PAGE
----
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Ripple is a payment processing network that uses blockchain technology to improve international money transfers. Its native token, XRP, provides users with on-demand liquidity to make cross-border payments in different fiat currencies. (Some people use “Ripple” and “XRP” interchangeably when talking about cryptocurrency.)
The entire Ripple ecosystem could fundamentally alter how money changes hands between banks, companies and foreign governments. Although XRP has its risks, its underlying applications in the international financial system make it a popular cryptocurrency token.
Read on to learn how XRP works and what sets it apart from other cryptocurrencies.
The short version
- Ripple created the XRP cryptocurrency and blockchain to facilitate international payments.
- XRP’s goal is to enhance existing financial institutions and global payment processing systems rather than replace them.
- The SEC filed a lawsuit against Ripple in 2020, and as a result, major US cryptocurrency exchanges delisted it. A decision on the case is expected in 2023.
What is XRP?
Before the creation of Bitcoin, Ripple was known as Ripplepay. This first version of Ripple served as an international payment system without blockchain technology.
Then in 2008, Satoshi Nakamoto published the Bitcoin white paper and introduced cryptocurrency and blockchain technology to the world. Ripple’s developers adopted this technology to create XRP, their native cryptocurrency.
Read more >>> Why are there so many cryptocurrencies?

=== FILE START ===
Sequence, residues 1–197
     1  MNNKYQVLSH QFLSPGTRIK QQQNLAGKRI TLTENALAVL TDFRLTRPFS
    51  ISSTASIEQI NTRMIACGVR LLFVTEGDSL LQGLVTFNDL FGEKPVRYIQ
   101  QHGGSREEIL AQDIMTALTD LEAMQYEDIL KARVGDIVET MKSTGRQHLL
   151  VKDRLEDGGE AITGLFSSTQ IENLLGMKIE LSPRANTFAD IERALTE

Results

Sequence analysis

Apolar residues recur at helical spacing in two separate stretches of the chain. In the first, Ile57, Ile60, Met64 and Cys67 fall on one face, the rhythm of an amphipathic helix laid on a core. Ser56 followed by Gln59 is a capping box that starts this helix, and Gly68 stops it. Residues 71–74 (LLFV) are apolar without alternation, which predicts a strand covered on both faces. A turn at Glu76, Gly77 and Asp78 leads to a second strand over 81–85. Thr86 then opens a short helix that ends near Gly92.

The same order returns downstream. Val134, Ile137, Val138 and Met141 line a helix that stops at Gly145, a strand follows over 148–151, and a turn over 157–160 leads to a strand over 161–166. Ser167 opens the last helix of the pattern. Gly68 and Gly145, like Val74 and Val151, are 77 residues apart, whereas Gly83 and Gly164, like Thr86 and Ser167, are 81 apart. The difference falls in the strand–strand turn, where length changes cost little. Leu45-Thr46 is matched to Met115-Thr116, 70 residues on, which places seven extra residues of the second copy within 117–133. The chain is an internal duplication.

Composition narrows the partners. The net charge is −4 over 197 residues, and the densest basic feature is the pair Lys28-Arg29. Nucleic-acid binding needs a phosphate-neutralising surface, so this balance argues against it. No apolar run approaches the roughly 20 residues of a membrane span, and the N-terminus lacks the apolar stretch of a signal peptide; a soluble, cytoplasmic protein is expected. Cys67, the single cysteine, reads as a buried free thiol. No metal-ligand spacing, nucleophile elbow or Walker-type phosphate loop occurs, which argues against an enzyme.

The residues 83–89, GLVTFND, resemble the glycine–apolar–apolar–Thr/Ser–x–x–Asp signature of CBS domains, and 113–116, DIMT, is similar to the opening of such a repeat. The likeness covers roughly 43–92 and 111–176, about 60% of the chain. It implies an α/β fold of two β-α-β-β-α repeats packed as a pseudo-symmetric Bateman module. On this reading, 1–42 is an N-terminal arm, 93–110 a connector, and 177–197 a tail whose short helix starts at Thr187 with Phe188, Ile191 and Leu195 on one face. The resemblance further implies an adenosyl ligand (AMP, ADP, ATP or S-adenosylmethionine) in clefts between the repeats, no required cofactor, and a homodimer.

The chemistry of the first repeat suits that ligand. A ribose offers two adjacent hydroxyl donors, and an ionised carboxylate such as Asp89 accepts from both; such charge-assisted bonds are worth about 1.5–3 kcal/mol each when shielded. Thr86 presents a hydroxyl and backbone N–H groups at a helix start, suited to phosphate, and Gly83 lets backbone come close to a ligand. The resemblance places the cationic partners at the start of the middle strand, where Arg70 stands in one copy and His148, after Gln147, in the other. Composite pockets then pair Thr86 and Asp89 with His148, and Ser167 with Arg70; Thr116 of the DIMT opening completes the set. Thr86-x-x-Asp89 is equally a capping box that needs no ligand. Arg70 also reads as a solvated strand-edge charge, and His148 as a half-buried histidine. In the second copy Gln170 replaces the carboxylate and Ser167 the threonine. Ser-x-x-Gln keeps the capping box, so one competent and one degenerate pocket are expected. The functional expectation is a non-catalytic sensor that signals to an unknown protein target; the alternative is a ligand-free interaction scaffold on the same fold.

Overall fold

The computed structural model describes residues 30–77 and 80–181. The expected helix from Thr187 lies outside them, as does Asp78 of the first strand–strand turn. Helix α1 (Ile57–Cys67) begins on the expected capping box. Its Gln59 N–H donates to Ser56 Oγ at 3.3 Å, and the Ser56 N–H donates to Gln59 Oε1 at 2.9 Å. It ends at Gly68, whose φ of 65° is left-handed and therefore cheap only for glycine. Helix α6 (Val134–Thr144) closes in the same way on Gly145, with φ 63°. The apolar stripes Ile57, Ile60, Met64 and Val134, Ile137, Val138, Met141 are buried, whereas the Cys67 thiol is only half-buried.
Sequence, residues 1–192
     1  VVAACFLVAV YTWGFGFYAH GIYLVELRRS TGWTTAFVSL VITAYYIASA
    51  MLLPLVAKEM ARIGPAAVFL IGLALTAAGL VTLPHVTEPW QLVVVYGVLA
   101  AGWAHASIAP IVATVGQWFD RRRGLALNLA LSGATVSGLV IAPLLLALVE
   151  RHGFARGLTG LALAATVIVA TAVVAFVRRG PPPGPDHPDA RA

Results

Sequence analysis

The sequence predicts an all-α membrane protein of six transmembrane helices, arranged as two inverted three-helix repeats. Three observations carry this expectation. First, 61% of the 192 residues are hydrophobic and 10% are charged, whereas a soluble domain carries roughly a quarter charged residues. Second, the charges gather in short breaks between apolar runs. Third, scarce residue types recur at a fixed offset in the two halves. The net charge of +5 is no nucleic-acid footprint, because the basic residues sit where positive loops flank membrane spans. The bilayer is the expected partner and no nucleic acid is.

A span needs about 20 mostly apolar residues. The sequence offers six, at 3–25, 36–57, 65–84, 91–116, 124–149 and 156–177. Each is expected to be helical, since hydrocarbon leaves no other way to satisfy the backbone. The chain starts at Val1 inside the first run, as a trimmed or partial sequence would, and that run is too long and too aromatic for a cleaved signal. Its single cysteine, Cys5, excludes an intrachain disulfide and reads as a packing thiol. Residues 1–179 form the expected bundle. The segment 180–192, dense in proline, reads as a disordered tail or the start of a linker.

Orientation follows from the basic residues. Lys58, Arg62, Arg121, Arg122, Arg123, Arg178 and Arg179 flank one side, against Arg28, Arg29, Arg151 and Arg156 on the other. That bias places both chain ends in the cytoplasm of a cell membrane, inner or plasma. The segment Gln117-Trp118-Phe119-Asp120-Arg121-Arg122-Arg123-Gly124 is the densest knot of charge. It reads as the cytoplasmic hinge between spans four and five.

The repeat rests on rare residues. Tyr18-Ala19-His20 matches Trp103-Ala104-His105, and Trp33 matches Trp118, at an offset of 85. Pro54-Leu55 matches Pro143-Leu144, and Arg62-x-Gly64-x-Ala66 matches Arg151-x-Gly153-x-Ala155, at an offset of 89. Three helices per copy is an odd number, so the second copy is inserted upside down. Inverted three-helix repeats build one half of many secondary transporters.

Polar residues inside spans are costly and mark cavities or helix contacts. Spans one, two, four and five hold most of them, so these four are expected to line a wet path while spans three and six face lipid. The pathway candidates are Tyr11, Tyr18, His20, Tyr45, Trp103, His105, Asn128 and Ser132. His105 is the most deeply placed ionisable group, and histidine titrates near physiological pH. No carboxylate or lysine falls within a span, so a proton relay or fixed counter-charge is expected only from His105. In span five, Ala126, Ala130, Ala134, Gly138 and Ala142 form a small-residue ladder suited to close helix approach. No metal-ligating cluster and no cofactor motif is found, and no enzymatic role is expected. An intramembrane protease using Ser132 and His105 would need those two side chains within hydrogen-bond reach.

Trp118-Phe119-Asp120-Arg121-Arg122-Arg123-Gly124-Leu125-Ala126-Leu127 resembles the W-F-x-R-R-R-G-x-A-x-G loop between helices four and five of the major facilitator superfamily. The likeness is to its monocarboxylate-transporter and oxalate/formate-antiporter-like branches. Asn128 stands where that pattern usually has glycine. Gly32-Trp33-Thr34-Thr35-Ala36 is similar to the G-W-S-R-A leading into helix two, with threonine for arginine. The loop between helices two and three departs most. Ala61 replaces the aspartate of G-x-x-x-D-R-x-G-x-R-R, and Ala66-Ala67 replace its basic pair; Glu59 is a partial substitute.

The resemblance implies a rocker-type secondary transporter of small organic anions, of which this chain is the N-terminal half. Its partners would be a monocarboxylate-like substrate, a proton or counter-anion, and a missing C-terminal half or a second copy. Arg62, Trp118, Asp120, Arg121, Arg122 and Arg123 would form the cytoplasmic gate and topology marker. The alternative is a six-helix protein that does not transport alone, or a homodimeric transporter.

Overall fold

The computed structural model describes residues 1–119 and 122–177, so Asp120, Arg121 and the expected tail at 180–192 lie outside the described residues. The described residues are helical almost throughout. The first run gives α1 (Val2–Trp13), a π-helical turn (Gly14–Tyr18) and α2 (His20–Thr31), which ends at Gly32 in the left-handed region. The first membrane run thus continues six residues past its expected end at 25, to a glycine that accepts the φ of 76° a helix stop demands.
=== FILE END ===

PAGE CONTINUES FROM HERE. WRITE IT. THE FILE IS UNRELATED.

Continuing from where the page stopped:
Why is XRP different from other cryptos?
The fundamental difference between XRP and other cryptocurrencies is the role it aspires to play in the financial system. Cryptocurrencies like Bitcoin want to replace traditional financial infrastructure with a decentralized network of peer-to-peer validators.
At the other end of the spectrum, XRP works with financial institutions to modernize rather than replace them. XRP’s convertibility makes it different from most consumer-oriented cryptocurrencies.
XRP is also different from other digital assets because it is not mined like Bitcoin or Ethereum. Instead, it has been created by the company Ripple. 100 billion XRP were created in the early days of Ripple and no more can be created. This fixed supply makes XRP a deflationary currency, meaning it should increase in value over time as demand increases and supply remains the same.
What is XRP for?
Unlike other cryptocurrencies, XRP was not designed as a token to exchange goods and services. Instead, XRP facilitates currency exchanges between financial institutions, central banks and commercial companies.
XRP powers RippleNet, Ripple’s blockchain platform. It facilitates cross-border transactions. RippleNet is an alternative to SWIFT, the current system that most banks use for financial exchanges.
SWIFT does not actually process financial transactions. It is a messaging system created in the 1970s to convey instructions on how banks should settle transactions.
Similar to SWIFT, RippleNet processes financial transactions between institutions. But unlike SWIFT, RippleNet can process these payments in seconds instead of days.
Under the current system, financial institutions must pre-fund accounts before making payments in different currencies. XRP eliminates this need by using the Interledger protocol to integrate other ledgers into one interconnected ledger, decreasing the time it takes to process transactions..
XRP tokens act as a bridge currency and transactions occur in XRP before being converted back to their respective fiat currencies. All of this speeds up transaction processing times while reducing costs.
Who uses XRP?